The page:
On July 16, 1982, Harvey and Rebecca Rumbaugh filed a next friend application for state habeas relief. Their petition was denied without hearing or written reasons on July 19, 1982. Later that same day, the Texas Court of Criminal Appeals denied the senior Rumbaughs' motion for stay of execution and application for habeas relief. No reasons were assigned. On July 20, 1982, the district court for the Southern District of Texas granted Harvey and Rebecca Rumbaugh's motion for stay of execution and transferred the case to the Northern District of Texas, Amarillo Division.
The district court in Amarillo appointed counsel to represent Charles Rumbaugh and held a preliminary hearing to determine the procedures to be followed in this relatively unusual situation. Upon conclusion of that hearing the district court ordered Charles Rumbaugh transferred to the United States Medical Center, Springfield, Missouri, to be examined for the specific purpose of determining his mental competence to waive further review of his conviction and sentence.
Charles Rumbaugh was taken to Springfield and there examined by a team of psychiatrists and psychologists. The written reports of Drs. Logan and Reuterfors were presented to the court and the parties. At a hearing on February 4, 1983, a psychiatrist and two psychologists, called by the petitioners, none of whom had examined Charles Rumbaugh, testified as to their interpretations of the Springfield medical reports and gave their opinions on the mental state of Charles Rumbaugh. A doctor called by the state gave counter-testimony. At the conclusion of that conflicting testimony, the district court continued the hearing so that Dr. Logan could personally appear and explain his diagnosis and prognosis.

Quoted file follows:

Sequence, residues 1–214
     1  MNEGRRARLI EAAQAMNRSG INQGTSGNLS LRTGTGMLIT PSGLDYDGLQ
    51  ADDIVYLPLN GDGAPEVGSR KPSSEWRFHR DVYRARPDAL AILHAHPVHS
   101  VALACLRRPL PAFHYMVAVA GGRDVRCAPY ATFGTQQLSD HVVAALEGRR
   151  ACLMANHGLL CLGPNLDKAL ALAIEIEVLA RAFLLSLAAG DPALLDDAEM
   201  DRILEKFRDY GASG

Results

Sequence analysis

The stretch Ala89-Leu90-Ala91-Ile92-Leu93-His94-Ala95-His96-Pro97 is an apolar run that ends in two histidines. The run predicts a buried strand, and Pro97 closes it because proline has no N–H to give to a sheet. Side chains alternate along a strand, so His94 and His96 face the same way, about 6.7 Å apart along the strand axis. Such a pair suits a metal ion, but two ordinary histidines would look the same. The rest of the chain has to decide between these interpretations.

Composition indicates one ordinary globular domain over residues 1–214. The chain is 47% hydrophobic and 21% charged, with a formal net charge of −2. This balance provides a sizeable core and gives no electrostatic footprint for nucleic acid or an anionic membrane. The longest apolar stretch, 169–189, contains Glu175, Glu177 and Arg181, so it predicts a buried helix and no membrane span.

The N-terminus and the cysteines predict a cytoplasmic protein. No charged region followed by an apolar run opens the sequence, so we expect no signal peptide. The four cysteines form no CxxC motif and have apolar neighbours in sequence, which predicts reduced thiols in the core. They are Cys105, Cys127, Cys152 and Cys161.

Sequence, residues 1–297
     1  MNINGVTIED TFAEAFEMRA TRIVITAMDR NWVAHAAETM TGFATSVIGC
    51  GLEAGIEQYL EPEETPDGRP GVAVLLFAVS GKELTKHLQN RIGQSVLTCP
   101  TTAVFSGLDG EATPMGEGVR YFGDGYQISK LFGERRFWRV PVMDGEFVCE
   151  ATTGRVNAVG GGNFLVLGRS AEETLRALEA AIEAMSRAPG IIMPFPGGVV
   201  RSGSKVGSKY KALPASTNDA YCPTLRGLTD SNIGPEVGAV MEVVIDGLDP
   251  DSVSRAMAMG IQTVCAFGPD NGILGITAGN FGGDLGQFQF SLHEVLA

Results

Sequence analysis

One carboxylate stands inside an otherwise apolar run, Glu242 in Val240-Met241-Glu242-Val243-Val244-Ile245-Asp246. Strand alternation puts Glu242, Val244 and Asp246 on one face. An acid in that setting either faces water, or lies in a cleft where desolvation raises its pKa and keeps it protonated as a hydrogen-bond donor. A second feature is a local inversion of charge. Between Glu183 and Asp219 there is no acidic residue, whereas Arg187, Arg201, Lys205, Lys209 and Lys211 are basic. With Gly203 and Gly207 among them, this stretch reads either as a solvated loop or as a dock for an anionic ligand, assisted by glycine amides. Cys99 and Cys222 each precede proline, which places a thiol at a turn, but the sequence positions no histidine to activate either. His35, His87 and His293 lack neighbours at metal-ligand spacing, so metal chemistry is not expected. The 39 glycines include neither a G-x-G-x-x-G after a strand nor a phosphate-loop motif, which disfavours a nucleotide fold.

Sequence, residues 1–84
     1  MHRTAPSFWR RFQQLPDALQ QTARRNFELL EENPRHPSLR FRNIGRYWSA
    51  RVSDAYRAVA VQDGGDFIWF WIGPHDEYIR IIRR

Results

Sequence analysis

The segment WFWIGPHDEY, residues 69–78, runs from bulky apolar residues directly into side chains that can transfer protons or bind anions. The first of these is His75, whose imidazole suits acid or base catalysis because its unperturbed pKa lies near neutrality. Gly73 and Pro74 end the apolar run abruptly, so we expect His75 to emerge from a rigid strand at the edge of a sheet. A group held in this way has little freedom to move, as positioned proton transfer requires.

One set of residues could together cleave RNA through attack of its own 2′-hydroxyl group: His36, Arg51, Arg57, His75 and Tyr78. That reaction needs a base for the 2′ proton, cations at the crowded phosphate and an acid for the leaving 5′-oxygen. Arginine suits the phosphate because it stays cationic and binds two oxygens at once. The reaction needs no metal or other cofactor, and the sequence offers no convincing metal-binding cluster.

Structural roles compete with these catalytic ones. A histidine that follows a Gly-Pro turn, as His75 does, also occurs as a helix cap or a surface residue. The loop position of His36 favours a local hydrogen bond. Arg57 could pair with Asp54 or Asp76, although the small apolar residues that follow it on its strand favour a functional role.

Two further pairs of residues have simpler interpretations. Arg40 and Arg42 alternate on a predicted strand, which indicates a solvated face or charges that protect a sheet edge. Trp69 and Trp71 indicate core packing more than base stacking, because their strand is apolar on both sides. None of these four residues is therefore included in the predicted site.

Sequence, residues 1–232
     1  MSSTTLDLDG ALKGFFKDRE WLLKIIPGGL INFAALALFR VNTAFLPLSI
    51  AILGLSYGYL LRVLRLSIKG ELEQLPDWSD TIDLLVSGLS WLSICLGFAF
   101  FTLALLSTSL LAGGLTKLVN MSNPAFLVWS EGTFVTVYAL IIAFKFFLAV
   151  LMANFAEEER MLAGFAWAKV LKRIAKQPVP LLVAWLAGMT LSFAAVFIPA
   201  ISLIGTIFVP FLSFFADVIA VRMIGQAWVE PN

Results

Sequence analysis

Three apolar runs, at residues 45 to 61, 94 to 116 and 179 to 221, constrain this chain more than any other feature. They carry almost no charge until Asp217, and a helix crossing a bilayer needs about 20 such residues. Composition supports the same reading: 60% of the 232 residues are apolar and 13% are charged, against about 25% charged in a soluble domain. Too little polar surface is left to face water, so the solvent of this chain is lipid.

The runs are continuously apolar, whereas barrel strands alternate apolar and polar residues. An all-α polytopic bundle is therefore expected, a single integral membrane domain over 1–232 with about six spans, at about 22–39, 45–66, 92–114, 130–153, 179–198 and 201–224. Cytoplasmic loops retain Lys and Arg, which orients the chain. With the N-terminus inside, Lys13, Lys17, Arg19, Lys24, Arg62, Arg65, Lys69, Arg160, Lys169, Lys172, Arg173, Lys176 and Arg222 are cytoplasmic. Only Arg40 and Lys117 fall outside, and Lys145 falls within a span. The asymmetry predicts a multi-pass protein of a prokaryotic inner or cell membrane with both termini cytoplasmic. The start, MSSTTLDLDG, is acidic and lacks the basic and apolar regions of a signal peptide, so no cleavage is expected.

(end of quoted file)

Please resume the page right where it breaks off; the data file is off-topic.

The hearing resumed on February 24, 1983, with Dr. Logan present. After Dr. Logan finished his testimony, Charles Rumbaugh voluntarily took the stand and advised the court of his position in the matter:
Well, I don't feel I'm depressed right now. I haven't been taking any medication for approximately thirty days. I was taking medication, an antipsychotic drug, and I haven't experienced any problem since I quit taking it.
And I think I understand my situation very well and I believe my decision is a logical and rational one.
And it doesn't really matter to me what this Court decides today because I've already made the decision to take matters into my own hands.
So it doesn't make any difference.
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All I really wanted to say is that it doesn't matter to me; that I've already picked my own executioner and I'll just make them kill me. If they don't want to do it ... if they don't want to take me down there and execute me, I'll make them shoot me.
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I think I'll make them shoot me right now.